“Me?” He backed up against the wall. “I don’t know.”

“Kid!” I screamed, sensing their presence enter the hallway. It was too late. Whatever happened next was out of my hands. 

Reigniting the energy into my hands, I heard the crackle as I stepped backward and turned to face them. There were four of them, all coming at a dead run. The human suits hadn’t yet adhered to the sticky tar-like substance underneath. I watched in disgust as the bodies slipped and slid across their true selves. 

Snapping my hands out, I bore down and pushed everything to my palms. I’d never taken on so many. Fear nipped at the back of my throat, tightening as they moved in. Wait for it, experience whispered against the panic. A few more seconds. 

My hands shot out and with them all the energy I had stored. All four flew backward as I stepped forward. Drawing everything in around me, I unleashed again, concentrating the jet stream on the closest one. 

It screamed as I brought my full power down on it, pushing through it and around it, until it started to glow. It jerked, pulsated, expanded and then, with a satisfying pop, exploded. 

There was no time to celebrate. Two advanced on me at once. Retreating, I tried to put more distance between us. They were too fast. 

Again, I planted my feet and pulled in all the energy I could hold, the stress on my bones and muscles already making itself known. Releasing it all in a wide arc, the two flew back and bounced off the wall. They would be dazed but not hurt. Diluting the blast wouldn’t be enough. 

From behind them the third sprinted headlong toward me, a grating screech coming from what was once a nurse’s mouth.  I backpedaled, trying to give myself more time to recharge. But it was too late. The small charge I released only rocked its body back before its full weight crashed into me.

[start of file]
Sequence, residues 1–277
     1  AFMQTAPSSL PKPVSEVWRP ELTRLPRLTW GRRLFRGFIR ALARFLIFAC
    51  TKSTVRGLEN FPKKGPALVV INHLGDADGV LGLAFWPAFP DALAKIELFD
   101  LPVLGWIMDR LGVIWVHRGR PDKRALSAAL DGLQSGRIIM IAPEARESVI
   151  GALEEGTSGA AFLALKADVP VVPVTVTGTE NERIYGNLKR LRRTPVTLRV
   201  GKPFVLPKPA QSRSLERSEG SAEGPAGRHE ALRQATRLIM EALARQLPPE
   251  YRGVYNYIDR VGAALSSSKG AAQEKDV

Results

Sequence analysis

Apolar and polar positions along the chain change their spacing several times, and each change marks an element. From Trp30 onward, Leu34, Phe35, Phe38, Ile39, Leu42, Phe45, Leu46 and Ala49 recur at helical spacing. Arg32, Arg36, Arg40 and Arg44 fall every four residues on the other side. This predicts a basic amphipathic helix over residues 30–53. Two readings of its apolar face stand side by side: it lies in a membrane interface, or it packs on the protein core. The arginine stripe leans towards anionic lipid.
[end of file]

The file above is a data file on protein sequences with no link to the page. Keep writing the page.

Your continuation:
We both tumbled to the floor as I sent a round of small charges into it, already feeling the black goo covering my skin where our bodies connected. It sunk into my pours and the strangled scream of pain ripped from my throat as the skin started to separate from the flesh underneath. 

Grappling, pushing, punching, releasing all the energy I could pull in over and over, its half-adhered face grinned at me, black goo dripping from its sagging mouth onto my cheek. 

Then it stopped, its head snapping up seconds before a blast of energy slammed into its chest. With a screech, it tumbled backwards; the energy wrapping around it.  I rolled over and looked up. He was at the edge of the opening, his hair whipping from his head, his eyes a bright yellow from the energy absorbing into his body and out of his hands. 

Out of the corner of my eye, I saw the other two rise. Their focus veered to the boy. Crawling to my knees, I buried the pain and staggered upright. He faltered as they moved toward him. I saw his stance change and his focus pull from the one that had attacked me.